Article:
The Catholic faith in El Paso, TX, dates back to 1680, with the arrival of the Pueblo community. Today, in the diocese of El Paso, Texas, the Tigua Native American Ministry, led by director Mike Lara, ministers to the blend of the culture of the Yselta del Sur and their sense of Catholic faith. Serving thousands in the El Paso area, the Tigua Ministry seeks to be truly “present among the people,” fostering continued spiritual growth while respecting the diversity of the Yselta people.
This harmony of Native and Catholic spirituality was seen clearly during the Feast of the Holy Innocents, held on December 28th, 2015. The Yselta community honored their children on this feast day and celebrated the passing down of tradition. Beginning with a procession of the children to Our Lady of Mount Carmel Parish, the Yselta then held a Catholic service, during which the children were blessed by Fr. Miguel Briseños. The children later performed a Yselta dance, which was taught to them by their parents and the rest of the Yselta community. During this feast, the Tigua Native American Ministry was present, and gave the children a gift of a prayer book.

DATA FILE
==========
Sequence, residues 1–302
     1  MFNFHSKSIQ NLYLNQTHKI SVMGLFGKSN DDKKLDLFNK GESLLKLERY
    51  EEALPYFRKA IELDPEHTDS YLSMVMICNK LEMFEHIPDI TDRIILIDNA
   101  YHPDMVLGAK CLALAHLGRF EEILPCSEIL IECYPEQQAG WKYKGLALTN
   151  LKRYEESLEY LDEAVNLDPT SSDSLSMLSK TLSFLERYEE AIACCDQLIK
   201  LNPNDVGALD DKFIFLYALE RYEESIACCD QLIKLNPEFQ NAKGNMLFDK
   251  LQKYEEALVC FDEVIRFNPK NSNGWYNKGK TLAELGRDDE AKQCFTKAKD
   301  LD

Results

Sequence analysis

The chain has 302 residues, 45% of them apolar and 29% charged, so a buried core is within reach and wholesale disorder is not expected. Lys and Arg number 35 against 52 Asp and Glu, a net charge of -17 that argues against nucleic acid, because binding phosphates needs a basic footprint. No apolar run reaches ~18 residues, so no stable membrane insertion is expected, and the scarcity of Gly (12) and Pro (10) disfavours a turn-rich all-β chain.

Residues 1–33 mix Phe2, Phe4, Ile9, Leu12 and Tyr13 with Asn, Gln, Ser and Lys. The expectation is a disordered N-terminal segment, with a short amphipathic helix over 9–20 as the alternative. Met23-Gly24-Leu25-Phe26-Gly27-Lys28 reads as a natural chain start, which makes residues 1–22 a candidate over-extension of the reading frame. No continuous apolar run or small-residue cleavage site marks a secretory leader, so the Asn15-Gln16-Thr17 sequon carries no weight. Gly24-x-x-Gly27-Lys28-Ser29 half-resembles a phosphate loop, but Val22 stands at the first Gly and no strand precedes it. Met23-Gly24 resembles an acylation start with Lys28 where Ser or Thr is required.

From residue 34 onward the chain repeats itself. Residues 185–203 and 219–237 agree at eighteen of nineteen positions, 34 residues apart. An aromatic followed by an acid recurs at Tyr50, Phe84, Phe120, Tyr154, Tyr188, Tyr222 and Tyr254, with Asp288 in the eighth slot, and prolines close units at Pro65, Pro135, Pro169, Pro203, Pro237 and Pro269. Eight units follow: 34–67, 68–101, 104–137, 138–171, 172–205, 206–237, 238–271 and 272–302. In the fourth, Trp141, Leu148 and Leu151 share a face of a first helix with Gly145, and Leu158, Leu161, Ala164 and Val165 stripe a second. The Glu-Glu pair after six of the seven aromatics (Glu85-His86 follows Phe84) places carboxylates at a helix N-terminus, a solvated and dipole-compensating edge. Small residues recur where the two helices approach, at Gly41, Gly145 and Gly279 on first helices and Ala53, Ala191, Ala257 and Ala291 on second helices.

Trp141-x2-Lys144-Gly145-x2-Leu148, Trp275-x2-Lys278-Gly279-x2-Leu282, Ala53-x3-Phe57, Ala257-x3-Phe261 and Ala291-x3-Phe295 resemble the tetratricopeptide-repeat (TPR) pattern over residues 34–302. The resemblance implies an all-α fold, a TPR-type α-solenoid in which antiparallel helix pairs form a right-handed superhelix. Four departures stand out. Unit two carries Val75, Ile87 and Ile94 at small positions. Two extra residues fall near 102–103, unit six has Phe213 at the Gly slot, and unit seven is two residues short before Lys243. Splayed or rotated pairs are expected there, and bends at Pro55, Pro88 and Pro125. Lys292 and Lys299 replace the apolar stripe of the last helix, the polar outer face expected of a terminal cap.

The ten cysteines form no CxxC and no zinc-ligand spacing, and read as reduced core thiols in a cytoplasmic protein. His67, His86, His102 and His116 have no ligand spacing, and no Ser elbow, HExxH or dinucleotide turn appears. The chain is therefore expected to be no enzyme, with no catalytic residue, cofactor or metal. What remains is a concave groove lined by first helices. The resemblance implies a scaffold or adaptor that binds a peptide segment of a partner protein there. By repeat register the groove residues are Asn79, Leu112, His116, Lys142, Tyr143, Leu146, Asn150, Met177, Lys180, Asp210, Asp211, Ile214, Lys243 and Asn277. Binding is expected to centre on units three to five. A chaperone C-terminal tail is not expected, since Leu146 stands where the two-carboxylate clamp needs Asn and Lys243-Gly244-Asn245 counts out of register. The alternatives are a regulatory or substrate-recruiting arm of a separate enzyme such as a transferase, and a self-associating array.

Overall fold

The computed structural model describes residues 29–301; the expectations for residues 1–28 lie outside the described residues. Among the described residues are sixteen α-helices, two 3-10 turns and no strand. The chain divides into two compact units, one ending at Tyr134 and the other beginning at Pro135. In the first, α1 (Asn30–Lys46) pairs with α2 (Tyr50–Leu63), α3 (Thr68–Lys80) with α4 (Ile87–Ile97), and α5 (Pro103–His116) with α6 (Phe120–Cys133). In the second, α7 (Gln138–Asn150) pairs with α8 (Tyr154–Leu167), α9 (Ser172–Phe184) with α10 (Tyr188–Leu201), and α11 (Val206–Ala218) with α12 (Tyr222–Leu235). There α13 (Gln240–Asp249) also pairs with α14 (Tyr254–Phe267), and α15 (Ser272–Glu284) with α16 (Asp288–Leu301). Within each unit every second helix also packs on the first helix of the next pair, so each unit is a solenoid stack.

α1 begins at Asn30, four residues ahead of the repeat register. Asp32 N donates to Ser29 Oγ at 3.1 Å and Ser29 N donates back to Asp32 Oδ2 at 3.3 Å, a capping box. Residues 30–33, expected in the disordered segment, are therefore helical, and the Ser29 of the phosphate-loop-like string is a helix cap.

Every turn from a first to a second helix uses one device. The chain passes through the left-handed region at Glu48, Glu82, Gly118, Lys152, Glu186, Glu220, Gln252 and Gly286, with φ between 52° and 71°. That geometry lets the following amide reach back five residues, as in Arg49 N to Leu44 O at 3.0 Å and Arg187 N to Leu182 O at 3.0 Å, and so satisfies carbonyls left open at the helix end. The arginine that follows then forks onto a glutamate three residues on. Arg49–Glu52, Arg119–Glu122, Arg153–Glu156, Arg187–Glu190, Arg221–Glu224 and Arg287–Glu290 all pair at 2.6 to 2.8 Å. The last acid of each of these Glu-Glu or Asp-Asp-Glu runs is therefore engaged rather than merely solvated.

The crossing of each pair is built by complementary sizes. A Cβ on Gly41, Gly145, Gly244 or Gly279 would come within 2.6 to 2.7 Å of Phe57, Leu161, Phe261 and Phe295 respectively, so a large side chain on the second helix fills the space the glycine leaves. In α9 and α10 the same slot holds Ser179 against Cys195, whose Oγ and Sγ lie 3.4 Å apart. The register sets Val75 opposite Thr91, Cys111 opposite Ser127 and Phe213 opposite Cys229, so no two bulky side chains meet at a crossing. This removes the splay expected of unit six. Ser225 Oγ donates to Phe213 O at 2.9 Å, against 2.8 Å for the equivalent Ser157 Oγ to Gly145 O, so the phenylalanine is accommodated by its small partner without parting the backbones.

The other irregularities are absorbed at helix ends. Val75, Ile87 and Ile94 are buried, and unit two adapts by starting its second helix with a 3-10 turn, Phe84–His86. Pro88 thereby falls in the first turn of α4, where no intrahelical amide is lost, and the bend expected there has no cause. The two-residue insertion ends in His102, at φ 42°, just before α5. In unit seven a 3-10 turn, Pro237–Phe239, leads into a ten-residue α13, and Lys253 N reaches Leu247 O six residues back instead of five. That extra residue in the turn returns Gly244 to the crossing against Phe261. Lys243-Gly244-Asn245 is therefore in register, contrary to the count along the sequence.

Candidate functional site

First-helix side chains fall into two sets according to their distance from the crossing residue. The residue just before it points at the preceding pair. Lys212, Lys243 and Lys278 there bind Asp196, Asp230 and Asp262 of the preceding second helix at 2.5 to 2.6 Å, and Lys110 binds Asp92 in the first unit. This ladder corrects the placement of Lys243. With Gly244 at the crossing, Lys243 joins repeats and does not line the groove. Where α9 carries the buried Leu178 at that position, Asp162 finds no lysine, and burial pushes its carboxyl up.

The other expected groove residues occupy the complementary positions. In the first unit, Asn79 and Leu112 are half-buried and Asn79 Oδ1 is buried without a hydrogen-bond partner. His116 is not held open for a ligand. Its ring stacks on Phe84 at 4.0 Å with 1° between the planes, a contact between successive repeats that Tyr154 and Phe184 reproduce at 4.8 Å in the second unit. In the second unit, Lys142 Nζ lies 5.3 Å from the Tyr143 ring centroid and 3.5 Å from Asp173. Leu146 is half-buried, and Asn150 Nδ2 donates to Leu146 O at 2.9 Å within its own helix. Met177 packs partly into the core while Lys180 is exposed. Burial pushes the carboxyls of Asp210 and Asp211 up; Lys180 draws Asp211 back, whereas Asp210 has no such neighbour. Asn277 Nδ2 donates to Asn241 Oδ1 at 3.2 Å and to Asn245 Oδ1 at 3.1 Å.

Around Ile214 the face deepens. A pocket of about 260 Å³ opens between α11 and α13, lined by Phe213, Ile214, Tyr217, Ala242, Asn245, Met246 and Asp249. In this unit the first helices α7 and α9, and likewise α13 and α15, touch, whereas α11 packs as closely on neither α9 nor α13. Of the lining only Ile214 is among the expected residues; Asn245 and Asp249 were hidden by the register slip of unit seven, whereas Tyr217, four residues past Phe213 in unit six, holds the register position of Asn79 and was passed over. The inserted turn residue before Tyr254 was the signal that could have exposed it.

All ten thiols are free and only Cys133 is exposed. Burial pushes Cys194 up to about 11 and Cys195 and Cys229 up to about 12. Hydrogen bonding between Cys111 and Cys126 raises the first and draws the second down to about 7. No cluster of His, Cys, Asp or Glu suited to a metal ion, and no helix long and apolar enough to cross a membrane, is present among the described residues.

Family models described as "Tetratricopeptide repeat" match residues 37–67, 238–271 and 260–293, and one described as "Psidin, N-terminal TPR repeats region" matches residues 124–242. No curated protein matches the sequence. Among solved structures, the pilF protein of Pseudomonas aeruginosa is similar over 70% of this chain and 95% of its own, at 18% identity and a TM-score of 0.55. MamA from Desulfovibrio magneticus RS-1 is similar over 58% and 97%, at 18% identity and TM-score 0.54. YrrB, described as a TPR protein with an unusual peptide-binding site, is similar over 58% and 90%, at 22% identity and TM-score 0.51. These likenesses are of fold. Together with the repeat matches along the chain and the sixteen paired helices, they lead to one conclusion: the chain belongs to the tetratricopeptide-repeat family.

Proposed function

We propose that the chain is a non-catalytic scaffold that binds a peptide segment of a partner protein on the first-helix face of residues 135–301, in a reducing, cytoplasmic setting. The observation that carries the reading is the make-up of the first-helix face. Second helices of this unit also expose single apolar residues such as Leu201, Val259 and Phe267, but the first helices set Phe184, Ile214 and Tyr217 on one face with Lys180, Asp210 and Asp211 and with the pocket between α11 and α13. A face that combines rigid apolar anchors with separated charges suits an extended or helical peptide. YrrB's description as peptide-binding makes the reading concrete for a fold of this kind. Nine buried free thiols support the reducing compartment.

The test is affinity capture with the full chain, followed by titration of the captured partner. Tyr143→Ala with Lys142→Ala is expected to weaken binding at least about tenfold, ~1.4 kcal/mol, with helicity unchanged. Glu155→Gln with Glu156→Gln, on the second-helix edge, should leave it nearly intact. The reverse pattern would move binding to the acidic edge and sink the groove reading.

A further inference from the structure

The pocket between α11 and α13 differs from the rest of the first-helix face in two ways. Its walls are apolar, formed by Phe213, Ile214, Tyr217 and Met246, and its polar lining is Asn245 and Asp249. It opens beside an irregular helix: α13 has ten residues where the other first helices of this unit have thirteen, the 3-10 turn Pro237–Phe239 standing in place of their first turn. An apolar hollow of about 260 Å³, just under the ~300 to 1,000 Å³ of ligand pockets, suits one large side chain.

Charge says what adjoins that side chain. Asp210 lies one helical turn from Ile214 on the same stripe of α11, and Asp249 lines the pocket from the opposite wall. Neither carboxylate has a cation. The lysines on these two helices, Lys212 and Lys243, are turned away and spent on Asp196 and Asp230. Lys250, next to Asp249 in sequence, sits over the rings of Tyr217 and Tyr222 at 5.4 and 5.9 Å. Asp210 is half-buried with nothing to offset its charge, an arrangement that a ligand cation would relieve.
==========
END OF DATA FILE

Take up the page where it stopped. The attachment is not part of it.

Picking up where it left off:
Another exciting event for the Diocese of El Paso was the Feast and Procession of Our Lady of Guadalupe, held on December 12th. In conjunction with the larger Catholic community, many members of the Yselta community joined the Diocese of El Paso in a procession through El Paso in honor of Our Lady. Over 500 people participated in the procession, including the Kateri Circle. Following this procession, the Diocese held a Mass, celebrating this important feast day with the Eucharist. This Mass incorporated elements of the Yselta spirituality, including the preparation and smudging of the altar, as well as the Eagle Dance following the Mass.
The harmony of Native and Catholic spirituality shines through in the Diocese of El Paso’s Tigua Native American Ministry among the Yselta people. By being present among the Yselta people, the Tigua Ministry continues to foster the coming together of two cultures into one celebration.